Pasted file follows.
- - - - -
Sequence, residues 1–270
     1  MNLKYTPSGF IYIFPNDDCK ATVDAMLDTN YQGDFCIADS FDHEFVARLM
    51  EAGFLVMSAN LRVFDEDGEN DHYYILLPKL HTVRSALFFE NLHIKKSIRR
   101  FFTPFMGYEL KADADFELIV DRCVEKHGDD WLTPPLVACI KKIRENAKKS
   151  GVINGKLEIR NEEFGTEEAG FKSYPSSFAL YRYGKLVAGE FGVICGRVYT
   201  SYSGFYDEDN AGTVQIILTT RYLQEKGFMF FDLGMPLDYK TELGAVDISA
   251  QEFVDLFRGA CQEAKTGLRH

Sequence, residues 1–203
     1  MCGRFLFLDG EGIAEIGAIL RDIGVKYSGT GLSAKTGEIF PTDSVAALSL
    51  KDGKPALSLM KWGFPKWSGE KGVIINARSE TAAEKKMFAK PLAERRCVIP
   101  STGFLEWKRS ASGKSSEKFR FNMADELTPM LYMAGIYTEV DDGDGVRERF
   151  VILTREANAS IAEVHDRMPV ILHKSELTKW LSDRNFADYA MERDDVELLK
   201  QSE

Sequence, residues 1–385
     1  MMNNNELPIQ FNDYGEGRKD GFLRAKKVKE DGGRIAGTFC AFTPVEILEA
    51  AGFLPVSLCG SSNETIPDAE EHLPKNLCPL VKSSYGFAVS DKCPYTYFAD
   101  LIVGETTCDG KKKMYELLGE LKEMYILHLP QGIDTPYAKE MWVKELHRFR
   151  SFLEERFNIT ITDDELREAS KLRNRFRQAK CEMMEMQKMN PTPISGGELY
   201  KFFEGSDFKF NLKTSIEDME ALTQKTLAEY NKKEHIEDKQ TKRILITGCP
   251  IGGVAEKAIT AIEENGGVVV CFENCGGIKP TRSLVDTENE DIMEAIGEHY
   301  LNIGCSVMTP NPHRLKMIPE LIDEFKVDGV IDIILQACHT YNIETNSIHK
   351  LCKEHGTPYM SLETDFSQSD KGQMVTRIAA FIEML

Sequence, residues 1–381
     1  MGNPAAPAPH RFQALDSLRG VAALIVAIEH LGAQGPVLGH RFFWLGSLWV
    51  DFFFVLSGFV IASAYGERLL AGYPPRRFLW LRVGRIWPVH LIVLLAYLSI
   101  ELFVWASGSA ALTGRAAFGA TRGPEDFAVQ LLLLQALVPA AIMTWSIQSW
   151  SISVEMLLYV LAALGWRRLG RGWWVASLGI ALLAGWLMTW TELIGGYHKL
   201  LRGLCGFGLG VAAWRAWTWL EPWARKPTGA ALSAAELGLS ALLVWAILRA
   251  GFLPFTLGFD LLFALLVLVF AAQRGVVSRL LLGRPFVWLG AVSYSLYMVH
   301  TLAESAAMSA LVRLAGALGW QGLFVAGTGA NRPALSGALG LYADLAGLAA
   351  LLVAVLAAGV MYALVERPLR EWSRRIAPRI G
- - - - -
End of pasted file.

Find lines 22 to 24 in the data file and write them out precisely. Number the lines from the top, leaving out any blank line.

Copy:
   351  LCKEHGTPYM SLETDFSQSD KGQMVTRIAA FIEML

Sequence, residues 1–381
     1  MGNPAAPAPH RFQALDSLRG VAALIVAIEH LGAQGPVLGH RFFWLGSLWV